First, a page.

AstraZeneca builds in obesity with $2bn+ Eccogene deal
Sharon Barr, executive vice-president, BioPharmaceuticals R&D, AstraZeneca
AstraZeneca headlined its third-quarter earnings update with news of a $185 million upfront licensing deal with Chinese biotech Eccogene for an orally active GLP-1 agonist drug with potential in diabetes, obesity, and other cardiometabolic diseases.
The early clinical-stage candidate, called ECC5004, is a GLP-1 receptor agonist (GLP-1RA) that, according to AZ, has shown “good tolerability and encouraging glucose and body weight reduction” in phase 1 testing.
While AZ is an established player in diabetes with drugs like SGLT2 inhibitor Farxiga/Forxiga (dapagliflozin) and older GLP-1 drugs like Bydureon (exenatide), it has lagged behind rivals Novo Nordisk and Eli Lilly in the obesity category, which both have GLP-1-targeting drugs approved for chronic weight management.
Novo Nordisk’s GLP-1 agonists Wegovy (semaglutide) and Saxenda (liraglutide) were joined this week by Lilly’s dual GLP-1/GIP agonist Zepbound (tirzepatide) – approved yesterday in the US, as well as the UK – but all these candidates have to be administered by subcutaneous injection.
AZ recently discontinued the development of an in-house oral GLP-1 agonist after deciding the profile of the drug was not competitive, but it still has injectable GLP-1/GIP and long-acting amylin candidates in early-stage clinical testing.
It has rejoined the race to bring an oral alternative to market with its Eccogene deal, which includes another $1.825 billion in potential payments tied to clinical, regulatory, and commercial milestones, as well as royalties on sales if ECC5004 makes it through to market. Eccogene has retained co-development and co-commercialisation rights to the candidate in China.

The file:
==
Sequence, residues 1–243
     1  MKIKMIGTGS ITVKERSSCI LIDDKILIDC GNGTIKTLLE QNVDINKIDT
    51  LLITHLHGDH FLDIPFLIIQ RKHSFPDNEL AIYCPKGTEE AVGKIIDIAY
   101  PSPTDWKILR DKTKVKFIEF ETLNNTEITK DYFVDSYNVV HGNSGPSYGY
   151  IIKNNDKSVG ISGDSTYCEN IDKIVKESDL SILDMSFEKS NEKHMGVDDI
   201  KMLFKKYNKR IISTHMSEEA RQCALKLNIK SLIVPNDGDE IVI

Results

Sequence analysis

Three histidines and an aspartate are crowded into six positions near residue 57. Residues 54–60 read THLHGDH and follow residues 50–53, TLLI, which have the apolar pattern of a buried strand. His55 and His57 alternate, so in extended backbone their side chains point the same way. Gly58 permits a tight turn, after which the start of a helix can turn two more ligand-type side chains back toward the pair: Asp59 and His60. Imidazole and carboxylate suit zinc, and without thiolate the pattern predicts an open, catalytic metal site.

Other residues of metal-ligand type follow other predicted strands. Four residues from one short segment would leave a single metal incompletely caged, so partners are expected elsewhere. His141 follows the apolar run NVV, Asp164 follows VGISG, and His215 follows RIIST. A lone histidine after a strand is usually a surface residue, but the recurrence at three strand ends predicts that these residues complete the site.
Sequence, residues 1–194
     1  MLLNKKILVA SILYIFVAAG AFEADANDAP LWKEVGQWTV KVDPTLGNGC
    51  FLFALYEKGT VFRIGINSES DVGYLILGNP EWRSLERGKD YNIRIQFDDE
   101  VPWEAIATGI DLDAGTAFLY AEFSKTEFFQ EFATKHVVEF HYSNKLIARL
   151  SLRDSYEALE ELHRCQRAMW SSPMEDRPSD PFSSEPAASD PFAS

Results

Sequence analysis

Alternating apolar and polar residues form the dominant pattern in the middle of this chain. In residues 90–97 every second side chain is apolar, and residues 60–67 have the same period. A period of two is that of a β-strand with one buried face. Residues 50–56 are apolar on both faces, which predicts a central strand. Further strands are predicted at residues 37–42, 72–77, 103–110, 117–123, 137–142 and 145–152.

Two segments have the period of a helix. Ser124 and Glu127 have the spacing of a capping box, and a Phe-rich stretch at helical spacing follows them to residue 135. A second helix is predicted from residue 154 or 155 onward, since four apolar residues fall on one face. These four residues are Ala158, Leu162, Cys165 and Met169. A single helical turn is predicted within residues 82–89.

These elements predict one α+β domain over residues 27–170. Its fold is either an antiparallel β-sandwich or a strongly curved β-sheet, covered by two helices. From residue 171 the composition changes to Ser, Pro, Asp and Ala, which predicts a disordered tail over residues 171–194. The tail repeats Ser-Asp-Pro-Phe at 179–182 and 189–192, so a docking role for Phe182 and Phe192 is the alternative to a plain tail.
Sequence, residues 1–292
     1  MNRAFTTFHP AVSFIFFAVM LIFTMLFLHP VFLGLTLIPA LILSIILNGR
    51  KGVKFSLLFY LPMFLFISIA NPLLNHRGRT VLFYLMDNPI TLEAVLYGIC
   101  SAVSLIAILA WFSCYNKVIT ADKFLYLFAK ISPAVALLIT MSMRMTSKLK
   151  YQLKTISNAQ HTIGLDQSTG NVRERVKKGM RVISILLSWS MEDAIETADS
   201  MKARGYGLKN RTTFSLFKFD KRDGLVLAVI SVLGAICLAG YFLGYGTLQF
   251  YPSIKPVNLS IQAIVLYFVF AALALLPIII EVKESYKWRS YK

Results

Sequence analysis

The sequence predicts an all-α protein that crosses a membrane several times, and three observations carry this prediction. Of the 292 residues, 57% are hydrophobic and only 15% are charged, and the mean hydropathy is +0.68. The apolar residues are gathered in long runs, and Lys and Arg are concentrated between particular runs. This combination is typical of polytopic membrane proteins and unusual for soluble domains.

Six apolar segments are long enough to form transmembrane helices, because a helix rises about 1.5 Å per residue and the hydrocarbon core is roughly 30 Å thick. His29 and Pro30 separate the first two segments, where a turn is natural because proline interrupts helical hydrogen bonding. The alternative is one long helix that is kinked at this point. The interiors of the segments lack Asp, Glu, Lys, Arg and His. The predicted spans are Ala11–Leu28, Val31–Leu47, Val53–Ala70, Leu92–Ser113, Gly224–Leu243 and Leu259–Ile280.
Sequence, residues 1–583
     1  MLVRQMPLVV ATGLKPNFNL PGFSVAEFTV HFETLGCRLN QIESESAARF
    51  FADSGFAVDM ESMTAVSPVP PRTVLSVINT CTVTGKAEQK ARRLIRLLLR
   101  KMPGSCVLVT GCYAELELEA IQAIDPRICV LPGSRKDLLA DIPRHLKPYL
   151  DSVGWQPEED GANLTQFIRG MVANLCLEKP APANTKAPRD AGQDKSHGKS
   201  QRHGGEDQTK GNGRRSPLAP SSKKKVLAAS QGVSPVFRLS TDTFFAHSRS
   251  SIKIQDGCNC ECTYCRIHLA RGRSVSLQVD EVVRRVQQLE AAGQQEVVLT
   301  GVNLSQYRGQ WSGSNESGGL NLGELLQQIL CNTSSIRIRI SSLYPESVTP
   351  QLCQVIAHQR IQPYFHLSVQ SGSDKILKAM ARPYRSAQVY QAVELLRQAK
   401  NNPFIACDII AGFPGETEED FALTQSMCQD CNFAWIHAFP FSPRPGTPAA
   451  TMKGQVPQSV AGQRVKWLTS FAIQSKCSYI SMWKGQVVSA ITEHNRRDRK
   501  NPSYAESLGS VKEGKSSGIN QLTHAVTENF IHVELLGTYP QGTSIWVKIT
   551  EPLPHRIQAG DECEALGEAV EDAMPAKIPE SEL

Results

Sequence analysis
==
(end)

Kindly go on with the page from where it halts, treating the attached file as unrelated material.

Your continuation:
Other companies working on oral obesity therapies include Novo Nordisk and Lilly, as well as Pfizer, MSD/Merck & Co, and Structure Therapeutics.
“With the number of people living with cardiometabolic conditions and obesity today already over one billion, there is a need for continued innovation and next-generation therapeutic options,” remarked AZ’s head of biopharma R&D, Sharon Barr.
“We believe this oral GLP-1RA molecule could offer alternatives to current injectable therapies, both as a potential monotherapy as well as in combination for cardiometabolic diseases,” she added.
News of AZ’s new licensing deal came as it reported a healthy 5% increase in third-quarter revenues to $11.5 billion, despite flatlining COVID-19 vaccine sales, and raised its profit forecast for the full year.
Excluding COVID-19 vaccine sales, revenue growth came in at 15%, driven by strong demand for its cancer therapies and rising sales in emerging markets. The star performer was PD-L1 inhibitor Imfinzi (durvalumab), which rose 56% to almost $1.2 billion in the three-month period.